I went to Kitson College in Leeds to do a foundation course in 1980 and then spent the rest of the 80s doing the 80s in all its glory.  I spent the 90s in atonement for the 80s by living a simple life in France working as canoe and ski instructor.  In 1999 I went o Cumbria College of Art and Design to do a B.A. not really for the qualification but more to try to absorb the cutting edge of art at that time and so enter into the artistic discourse again.  An M.A followed and I have called myself an artist since.
I have always found it difficult to call myself an artist.  When does one become an artist?  When do people accept you as an artist?  The qualifications say I am an artist and if I was a doctor, scientist, architect that is what I would be called and recognised as.  But that is their conclusion, I am still striving to draw stick men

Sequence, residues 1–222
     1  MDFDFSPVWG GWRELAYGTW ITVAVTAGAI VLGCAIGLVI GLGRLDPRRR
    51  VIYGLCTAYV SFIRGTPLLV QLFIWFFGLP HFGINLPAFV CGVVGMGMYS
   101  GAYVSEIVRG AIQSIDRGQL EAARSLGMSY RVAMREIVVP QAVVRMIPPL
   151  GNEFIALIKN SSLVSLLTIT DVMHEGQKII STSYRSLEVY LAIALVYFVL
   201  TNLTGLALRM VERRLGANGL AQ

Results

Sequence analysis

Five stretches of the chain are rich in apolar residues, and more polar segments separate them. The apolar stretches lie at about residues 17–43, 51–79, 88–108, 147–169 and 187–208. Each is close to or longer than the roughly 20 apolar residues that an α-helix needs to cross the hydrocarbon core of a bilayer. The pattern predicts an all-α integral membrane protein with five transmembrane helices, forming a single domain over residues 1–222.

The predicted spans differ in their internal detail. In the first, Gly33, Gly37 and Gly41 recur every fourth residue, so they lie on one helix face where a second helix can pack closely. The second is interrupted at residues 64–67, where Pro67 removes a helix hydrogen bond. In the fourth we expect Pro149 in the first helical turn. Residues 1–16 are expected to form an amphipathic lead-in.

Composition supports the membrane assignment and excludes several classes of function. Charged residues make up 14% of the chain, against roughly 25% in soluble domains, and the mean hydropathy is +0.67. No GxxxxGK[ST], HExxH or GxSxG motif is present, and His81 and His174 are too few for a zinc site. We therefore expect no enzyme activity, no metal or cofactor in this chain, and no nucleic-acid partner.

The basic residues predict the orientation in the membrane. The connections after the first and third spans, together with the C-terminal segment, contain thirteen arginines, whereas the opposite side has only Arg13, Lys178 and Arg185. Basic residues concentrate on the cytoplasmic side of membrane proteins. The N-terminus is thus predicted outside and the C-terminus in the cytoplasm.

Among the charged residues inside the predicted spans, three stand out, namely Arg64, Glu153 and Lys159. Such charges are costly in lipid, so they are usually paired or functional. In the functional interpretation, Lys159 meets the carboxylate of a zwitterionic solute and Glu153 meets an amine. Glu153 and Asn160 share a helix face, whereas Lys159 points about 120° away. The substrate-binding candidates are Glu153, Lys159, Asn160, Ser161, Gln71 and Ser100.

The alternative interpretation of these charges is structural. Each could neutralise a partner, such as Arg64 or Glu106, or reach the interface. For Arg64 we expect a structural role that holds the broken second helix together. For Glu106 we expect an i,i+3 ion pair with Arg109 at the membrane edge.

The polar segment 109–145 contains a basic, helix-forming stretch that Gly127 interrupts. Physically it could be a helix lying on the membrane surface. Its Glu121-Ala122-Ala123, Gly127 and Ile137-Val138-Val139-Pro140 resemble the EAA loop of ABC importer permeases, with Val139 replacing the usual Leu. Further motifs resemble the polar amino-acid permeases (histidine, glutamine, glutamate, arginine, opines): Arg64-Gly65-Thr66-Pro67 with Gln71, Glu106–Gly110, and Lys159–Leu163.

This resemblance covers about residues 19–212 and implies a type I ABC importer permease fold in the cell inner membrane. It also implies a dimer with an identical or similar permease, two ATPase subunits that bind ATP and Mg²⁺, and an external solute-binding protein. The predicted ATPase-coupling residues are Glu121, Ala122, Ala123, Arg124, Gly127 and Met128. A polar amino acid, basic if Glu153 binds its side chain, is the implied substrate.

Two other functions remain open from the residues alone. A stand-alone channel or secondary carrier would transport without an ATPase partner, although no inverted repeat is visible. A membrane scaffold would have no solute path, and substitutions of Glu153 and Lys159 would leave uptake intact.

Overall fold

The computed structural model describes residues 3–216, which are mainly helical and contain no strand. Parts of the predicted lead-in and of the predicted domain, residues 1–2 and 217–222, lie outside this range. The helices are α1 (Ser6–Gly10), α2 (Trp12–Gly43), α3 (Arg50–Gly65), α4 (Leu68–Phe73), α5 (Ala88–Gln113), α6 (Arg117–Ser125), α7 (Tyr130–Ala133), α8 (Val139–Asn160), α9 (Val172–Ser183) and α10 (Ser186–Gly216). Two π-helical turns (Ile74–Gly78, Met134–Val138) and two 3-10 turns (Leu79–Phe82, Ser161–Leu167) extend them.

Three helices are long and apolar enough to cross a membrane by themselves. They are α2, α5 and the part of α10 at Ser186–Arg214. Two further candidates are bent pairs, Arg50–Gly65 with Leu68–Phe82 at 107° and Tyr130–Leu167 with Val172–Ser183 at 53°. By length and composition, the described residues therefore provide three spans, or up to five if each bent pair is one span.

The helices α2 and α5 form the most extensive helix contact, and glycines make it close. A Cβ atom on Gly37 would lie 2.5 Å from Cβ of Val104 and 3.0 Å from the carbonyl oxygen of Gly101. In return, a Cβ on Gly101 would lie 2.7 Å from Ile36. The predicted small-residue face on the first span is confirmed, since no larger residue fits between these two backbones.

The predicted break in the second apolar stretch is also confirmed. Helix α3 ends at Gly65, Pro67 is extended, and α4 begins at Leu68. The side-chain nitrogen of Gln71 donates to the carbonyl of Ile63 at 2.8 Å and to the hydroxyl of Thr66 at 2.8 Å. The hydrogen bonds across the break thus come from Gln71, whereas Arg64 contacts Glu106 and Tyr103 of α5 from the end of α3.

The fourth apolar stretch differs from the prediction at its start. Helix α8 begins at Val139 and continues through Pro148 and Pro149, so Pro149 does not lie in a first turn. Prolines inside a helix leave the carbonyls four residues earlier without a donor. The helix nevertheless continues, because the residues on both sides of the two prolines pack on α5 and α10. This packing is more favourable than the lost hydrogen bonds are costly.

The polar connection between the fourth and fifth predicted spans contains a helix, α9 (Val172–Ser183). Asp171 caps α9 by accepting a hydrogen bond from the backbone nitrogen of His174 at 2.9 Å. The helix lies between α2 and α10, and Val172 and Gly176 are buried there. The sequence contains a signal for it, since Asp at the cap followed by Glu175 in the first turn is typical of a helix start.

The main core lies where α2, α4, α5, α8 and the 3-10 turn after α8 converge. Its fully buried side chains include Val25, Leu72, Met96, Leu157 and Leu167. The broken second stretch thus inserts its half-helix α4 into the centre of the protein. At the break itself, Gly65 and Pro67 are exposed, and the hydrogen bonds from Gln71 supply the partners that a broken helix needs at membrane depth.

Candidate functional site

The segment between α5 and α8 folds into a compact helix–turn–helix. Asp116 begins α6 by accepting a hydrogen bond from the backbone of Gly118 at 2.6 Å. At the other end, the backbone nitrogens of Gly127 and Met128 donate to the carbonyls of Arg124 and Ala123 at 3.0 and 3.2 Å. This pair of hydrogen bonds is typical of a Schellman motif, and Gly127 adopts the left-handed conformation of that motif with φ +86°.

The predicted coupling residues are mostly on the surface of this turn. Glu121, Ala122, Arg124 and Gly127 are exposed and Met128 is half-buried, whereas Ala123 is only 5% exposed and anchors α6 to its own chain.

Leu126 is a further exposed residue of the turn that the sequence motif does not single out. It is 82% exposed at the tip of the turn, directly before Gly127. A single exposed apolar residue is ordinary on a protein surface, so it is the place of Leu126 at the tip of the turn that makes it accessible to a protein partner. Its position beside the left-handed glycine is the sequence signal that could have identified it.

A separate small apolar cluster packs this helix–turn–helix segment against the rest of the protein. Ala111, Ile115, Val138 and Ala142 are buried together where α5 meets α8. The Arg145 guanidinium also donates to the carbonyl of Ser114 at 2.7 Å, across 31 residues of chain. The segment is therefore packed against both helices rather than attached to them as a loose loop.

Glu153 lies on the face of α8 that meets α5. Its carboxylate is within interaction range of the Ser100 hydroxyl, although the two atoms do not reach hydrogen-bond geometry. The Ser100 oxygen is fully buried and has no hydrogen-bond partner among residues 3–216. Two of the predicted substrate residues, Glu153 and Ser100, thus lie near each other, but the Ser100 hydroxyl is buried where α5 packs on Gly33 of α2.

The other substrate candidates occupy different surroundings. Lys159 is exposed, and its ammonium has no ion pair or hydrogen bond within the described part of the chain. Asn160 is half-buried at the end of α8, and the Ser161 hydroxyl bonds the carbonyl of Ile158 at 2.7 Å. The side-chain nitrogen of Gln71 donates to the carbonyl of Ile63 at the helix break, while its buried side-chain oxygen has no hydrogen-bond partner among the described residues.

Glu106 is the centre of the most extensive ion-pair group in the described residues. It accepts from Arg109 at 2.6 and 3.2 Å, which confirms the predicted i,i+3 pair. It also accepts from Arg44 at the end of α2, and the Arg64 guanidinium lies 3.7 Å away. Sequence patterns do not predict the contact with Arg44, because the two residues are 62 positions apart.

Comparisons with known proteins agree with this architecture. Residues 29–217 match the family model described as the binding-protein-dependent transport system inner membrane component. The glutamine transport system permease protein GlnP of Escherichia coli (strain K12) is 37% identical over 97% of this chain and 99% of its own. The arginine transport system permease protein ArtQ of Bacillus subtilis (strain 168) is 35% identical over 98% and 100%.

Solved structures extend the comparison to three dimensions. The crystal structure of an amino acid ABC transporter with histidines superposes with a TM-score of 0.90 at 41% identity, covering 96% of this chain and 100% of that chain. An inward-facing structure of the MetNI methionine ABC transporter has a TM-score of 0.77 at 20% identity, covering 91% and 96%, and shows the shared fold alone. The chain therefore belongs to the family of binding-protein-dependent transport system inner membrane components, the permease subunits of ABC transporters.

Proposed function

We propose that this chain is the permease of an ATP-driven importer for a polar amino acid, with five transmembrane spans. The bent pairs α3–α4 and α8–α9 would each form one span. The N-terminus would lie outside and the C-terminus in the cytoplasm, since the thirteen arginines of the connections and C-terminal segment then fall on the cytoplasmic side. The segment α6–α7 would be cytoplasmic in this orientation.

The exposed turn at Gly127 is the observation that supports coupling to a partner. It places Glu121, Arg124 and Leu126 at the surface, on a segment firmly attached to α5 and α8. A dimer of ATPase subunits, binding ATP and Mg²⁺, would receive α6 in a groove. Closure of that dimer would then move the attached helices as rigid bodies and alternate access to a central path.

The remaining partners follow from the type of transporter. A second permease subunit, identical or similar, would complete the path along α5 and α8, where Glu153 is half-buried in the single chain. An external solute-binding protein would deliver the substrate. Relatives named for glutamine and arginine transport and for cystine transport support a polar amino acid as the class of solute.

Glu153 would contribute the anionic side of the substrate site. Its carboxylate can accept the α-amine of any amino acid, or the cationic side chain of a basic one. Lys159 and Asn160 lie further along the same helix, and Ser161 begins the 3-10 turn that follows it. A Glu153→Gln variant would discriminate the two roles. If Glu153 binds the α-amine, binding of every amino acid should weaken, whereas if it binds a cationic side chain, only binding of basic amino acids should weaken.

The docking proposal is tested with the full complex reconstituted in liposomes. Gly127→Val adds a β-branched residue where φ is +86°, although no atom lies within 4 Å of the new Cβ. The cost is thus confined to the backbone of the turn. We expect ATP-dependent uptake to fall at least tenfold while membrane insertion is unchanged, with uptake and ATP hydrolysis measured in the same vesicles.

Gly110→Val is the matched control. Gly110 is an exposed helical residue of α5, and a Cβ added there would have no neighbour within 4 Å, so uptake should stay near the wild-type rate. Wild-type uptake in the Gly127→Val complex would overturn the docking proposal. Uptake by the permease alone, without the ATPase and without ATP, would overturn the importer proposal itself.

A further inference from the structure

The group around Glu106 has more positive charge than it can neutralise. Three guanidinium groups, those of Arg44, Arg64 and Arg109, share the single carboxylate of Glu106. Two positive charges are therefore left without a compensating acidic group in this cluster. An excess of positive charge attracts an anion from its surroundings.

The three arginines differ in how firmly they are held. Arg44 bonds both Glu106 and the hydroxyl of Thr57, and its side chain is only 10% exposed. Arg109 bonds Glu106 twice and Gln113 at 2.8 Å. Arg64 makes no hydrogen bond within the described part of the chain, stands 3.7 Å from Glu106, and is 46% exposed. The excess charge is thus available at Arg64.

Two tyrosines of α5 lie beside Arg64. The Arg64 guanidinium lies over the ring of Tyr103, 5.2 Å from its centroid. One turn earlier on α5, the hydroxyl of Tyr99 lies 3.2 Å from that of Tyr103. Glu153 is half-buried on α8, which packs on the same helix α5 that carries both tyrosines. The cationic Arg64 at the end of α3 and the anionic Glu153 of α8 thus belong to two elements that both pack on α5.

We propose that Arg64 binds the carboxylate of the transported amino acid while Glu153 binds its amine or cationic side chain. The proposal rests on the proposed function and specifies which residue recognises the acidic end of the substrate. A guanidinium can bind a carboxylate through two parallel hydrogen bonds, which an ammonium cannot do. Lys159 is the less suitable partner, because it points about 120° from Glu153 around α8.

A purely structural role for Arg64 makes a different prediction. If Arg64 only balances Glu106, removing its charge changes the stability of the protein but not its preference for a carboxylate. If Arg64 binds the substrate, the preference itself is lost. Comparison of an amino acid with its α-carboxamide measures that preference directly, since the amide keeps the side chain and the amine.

What is your favourite style of art?
I have chosen painting as my primary medium after working with many others so if painting is a style them painting it is.  I feel I have barely scratched the surface of its possibilities so it looks like a lifelong commitment.  That being the case however the art I would buy for myself would be anything other because I can be subjective about it.  I like ceramics in particular because I know nothing about it but I love performance art as well because it is something I don’t do.
If I were to pick an art movement it would be Fluxus and it may be clich├ęd but I do like Yoko Ono

What is the hardest part of being an artist?